A new Liverpool music strategy is being formulated following consultancy in the city, Getintothis reports on the findings, the faults within Merseyside’s creative industry – and what’s happening next.
Liverpool City Council has brought together key music industry figures to shape a music strategy which makes the most of its UNESCO City of Music status.
External sector experts have used ground-breaking analysis to get an understanding of the scale and significance of the music sector, which includes live music events, production services, recording studios and music publishing – which generates more than £100m turnover annually.
BOP Consulting, a creative industry leader, has researched Liverpool’s music scene, and found that:
- · There are approximately 341 music venues across the city region.
- · The region’s music sector supports 2,360 jobs.
- · There is a live music audience of 937,000 per annum – made up of 520,000 local visitors and the remainder from the rest of the UK and overseas.
- · Live music is a significant part of the City Region’s music economy – live music accounts for 44% of music sector turnover in Liverpool, as opposed to an average of 23% for the UK.
They went on to make a number of recommendations which will be discussed at a special meeting hosted by Mayor of Liverpool Joe Anderson and Mayor of Liverpool City Region Steve Rotheram, which is to take place in March.
These recommendations include:
- The creation of a Liverpool City of Music Board to develop an overview of the music industry and develop a strategy for investment and development.
- The establishment a Liverpool Music Office which creates a single point of entry for the music sector, based on the successful Liverpool Film Office.
- To engage with Apple Corps in a partnership relating to the heritage of The Beatles, including securing an agreement to use Beatles-related materials to optimise and build on the existing visitor offer in the city.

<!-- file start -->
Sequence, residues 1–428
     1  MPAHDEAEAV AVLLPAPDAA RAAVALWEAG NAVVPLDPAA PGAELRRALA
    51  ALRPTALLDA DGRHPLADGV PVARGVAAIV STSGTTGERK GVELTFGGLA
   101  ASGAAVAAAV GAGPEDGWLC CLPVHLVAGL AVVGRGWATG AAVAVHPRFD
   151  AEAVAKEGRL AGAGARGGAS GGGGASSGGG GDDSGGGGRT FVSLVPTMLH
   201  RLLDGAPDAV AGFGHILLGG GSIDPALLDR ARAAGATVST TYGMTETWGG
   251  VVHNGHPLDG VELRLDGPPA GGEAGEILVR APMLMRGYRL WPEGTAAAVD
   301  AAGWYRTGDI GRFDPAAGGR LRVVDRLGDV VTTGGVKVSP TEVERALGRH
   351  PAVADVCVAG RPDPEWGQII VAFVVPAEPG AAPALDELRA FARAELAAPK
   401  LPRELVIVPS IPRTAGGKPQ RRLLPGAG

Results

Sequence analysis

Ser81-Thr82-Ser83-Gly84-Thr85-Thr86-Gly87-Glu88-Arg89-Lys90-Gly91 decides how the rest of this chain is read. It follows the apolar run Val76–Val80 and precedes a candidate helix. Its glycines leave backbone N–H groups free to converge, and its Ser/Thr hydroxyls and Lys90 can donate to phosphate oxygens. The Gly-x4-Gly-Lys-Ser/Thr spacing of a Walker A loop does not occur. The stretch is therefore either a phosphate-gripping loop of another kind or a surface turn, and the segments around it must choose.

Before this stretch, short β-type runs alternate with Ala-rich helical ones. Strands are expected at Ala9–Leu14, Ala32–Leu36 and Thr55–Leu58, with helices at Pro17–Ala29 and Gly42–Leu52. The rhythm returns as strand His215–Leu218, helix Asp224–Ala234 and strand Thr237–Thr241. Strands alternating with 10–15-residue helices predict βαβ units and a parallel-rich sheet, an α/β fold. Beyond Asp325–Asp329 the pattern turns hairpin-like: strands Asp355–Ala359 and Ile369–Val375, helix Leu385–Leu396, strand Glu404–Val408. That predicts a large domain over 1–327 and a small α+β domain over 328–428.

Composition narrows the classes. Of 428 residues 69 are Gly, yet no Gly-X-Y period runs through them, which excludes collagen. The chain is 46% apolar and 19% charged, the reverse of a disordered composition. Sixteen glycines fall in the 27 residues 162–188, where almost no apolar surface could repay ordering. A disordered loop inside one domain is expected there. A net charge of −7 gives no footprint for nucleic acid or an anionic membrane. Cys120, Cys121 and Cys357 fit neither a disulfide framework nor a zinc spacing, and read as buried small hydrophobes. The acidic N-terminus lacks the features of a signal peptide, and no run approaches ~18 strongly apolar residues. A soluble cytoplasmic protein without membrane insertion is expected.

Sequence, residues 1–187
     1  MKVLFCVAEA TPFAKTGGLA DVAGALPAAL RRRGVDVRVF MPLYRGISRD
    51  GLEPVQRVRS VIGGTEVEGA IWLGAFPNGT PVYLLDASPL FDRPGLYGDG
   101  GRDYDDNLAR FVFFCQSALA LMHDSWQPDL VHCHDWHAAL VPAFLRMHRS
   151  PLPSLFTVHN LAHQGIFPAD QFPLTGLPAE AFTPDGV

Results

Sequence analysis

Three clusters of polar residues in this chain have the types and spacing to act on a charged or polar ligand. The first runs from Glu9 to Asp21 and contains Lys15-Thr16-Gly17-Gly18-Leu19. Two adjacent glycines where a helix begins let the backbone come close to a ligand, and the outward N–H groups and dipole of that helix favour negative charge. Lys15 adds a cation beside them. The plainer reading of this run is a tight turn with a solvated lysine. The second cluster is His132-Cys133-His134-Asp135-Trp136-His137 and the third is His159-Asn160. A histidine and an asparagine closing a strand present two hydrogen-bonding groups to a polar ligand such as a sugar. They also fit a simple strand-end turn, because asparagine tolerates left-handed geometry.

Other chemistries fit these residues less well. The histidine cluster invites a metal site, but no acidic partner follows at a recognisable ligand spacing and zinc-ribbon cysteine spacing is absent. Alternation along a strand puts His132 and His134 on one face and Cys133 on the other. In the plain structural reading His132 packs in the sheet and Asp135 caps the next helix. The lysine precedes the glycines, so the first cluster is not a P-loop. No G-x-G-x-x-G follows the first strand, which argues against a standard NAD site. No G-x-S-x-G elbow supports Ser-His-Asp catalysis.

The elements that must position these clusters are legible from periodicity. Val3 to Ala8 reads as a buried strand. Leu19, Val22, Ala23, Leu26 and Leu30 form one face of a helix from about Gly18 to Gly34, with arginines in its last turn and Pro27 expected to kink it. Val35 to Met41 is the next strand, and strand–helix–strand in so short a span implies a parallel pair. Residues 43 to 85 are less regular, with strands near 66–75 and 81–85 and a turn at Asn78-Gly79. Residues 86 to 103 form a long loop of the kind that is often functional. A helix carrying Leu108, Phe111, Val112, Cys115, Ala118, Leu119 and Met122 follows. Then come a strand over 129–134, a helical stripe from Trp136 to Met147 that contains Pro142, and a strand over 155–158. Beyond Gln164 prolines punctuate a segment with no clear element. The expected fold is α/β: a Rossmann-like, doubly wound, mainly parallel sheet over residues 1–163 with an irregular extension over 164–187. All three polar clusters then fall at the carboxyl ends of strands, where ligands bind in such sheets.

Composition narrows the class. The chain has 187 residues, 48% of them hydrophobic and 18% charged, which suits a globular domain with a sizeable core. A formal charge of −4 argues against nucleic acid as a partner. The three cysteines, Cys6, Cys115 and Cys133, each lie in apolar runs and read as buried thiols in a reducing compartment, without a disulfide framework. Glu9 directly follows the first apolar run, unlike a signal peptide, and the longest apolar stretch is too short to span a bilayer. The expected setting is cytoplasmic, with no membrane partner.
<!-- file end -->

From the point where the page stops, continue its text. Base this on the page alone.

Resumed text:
When analysing Liverpool, BOP found the city has a vibrant live music scene with extensive heritage, the low cost of business premises makes the city an attractive option and there is a strong music-related offer at city universities.
In terms of weaknesses, the research found:
- The region is not seen as an industry hub.
- Homegrown talent leaves for London.
- Overall the music scene is fragmented with no leading sector voice.
- A lack of diversity in programming
- Significant commercial pressures on venues.
The ‘next steps’ meeting to look at the recommendations will coincide with the launch of UK Music’s “Wish You Were Here” report on the contribution of music tourism to the economy of Liverpool City Region which will take place in the near future.
Mayor of Liverpool Joe Anderson said: “Liverpool’s rich music history is undeniable and draws millions of visitors to the city annually – whether it’s people experiencing our Fab Four attractions, taking in the enviable talent of the Royal Liverpool Philharmonic Orchestra or enjoying the gigs or music festivals which dominate our cultural calendar.
“When it comes to other UK cities, we stand out, and our UNESCO City of Music title is an acknowledgement of that. However we want to make the most of this sector and get an accurate picture of today’s music scene and understand what we can put in place to ensure it reaches its potential.
“This is the first time a report of this scale and detail has been undertaken, and working in partnership with creative experts is a significant step to achieving a city region-wide strategy which will invest and enhance all aspects of our music sector.
“Working with Steve will ensure this infiltrates across Merseyside and together we can build on the incredible legacy already in place to ensure Liverpool, and the wider region, remains a key player in the music industry – nationally and internationally.”
City Region Metro Mayor Steve Rotheram said: “We are generally very good at celebrating our musical heritage, but this is about recognising and exploiting the full potential of an important and flourishing economic sector. The city region continues to develop outstanding and innovative musical talent, but we have to develop the infrastructure that enables us to support our musicians, develop the sector and exploit its appeal to global visitors.
“It’s another area where we can grow our economy and build our international reputation by focusing on something where we have a unique and exceptional offer.”
UK Music chief executive Michael Dugher said: “UK Music welcomes this report and the positive determination of Mayor Joe Anderson and Liverpool City Council to support the local music scene which brings so much enjoyment to so many people from the city and indeed from across the world, and one which makes a significant contribution to the Liverpool economy.
“Liverpool truly is a world music city and the findings of this report will help inform an important ongoing discussion about how the music industry in Liverpool and the wider City Region can best be protected, supported and strengthened in the future.”